But until and unless this can be done, Malaysia is headed for further conflict among the various groups.
This may of course be conveniently averted with the use of "Rule by Draconian laws" by a dictator, wherein every citizen has to give up his/ her rights, in the interest of "maintaining law and order", with the interest of society at large - which is incidently the "Asian Value" that was sold to us by some "great leaders".

"It will not do to cling to the cause and wish the result away. Reality does not play mind games. What is more, to anesthetize the mind in order to abort what comes to birth when wrong ideas are conceived and borne in the womb of culture, will only kill the very life-giving force of the nation that nurtures the idea. We must learn, in the words of one cultural commenter, to live as wise as serpents and as innocent as doves." -Ravi Zacharias


  1. We have been conditioned from small to be a malay, chinese, indian or lain-lain. What to do?

  2. Dear Anonymous,
    "What to do?"
    That's very much like the what the "untouchables" of India once said, isn't it?
    And That is precisely what they (the political masters) want you to say, and be resigned to that "apparent fact of life"!
    We all need to wisen up and stop taking pride in prejudice.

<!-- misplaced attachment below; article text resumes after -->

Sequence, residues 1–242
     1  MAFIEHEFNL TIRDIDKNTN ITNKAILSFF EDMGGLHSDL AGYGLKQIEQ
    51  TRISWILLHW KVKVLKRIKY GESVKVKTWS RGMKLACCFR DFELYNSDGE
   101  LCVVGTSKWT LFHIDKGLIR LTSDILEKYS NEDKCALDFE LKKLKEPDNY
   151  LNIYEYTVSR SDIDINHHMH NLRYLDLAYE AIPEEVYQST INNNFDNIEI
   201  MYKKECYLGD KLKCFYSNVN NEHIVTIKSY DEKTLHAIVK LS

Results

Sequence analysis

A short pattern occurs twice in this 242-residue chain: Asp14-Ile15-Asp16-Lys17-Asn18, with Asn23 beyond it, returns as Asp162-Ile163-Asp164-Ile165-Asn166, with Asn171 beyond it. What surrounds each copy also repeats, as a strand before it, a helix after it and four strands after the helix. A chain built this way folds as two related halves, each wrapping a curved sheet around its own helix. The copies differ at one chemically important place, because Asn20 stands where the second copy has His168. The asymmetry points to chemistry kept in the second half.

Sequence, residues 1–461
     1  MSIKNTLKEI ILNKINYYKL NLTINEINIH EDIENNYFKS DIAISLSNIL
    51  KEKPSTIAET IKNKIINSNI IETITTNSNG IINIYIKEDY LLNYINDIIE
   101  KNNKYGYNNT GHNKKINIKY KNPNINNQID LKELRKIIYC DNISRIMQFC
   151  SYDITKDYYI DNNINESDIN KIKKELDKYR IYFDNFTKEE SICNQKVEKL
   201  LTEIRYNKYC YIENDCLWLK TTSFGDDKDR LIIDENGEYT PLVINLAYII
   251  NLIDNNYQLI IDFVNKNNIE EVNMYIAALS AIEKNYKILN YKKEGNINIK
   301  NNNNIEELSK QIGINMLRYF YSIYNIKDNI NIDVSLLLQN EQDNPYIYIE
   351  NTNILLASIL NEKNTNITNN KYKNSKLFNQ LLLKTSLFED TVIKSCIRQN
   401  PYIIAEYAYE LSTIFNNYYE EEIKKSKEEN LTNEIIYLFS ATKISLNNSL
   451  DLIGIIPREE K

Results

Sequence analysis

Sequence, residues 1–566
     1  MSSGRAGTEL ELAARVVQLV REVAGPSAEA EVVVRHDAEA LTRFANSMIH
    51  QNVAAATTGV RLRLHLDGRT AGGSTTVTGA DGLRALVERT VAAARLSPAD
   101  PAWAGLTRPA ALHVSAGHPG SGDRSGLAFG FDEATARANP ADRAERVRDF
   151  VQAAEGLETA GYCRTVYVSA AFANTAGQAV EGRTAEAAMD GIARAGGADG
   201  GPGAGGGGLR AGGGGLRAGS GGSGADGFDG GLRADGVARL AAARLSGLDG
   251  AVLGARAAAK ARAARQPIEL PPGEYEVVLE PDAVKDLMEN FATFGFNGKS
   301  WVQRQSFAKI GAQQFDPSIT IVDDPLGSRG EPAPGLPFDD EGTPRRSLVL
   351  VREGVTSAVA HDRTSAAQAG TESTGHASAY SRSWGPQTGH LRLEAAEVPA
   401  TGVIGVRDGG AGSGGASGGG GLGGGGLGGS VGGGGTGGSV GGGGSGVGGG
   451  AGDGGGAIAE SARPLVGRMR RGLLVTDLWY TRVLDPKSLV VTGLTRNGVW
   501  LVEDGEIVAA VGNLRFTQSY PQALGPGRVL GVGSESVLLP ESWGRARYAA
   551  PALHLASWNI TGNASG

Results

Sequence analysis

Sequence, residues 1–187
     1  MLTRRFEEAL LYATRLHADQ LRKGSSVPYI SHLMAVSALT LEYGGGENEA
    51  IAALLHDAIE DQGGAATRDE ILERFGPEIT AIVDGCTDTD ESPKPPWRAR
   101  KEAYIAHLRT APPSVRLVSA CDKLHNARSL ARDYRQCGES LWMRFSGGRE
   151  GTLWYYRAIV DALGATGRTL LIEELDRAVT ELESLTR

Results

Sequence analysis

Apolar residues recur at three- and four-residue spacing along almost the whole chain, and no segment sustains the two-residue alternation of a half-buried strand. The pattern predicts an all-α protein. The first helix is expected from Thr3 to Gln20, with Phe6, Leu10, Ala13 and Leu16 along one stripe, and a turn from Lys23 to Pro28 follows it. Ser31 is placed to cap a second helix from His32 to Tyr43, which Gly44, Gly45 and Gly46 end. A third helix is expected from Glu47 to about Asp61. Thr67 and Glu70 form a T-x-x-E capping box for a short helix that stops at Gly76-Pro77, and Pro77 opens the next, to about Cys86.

There is nothing wrong in being what you are - but there's something definitely wrong in being isolationist in attitude and "exclusive in nature".
    Yes - we're all conditioned in one way or other. But we as "higher beings" have something that none other has - the gift of choice.
    To institutionalize the pride/prejudice/"conditioning" is a sin that many of our leaders choose to reinforce for the sake of political mileage.
    Nationhood has no place for Racism/ Religiosity or any form of sectarian politics.
    We need to break out of that mindset.

  3. I agree with you fully that we need to break out of the mindset.
    But there is more to it to effect change, for the better. Our systems and institutions are ossified and not given to reform that even a change of mindset can subsequently consequent in getting disentangled from this undesired embrace. The only way to change is thru the electoral process, and this electoral system is so designed to perpetuate this paralysing embrace. It is clear that the delination of votes doesnt allow for a mindset change when those minds are either out of reach or dont have a mind of their own. Net, it will need a revolution to free us from this curse.

  4. First things first, bro .... and I think we can get there.
    First we need to win the trust of all, enough to regard each other as brother first, by breaking out of this indoctrination/ mindset/ vice grip.
    When tide turns and it rises high enough, only then can the tsunami to wipe out the "divide and rule policies" materialize.
    To prevent it the proponents of this propagated evil would keep trying to drive a wedge between each community and religion, by preventing interaction and creating discord.
    If you think about it - that is what has been happening, and it has succeeded in it's strangle-hold on your liberties (most of it without even you realizing it due to the economic feelgood factor) due to complacency, fear and apathy.
    Read the earlier post on A Malaysian Disease of Fear and Apathy.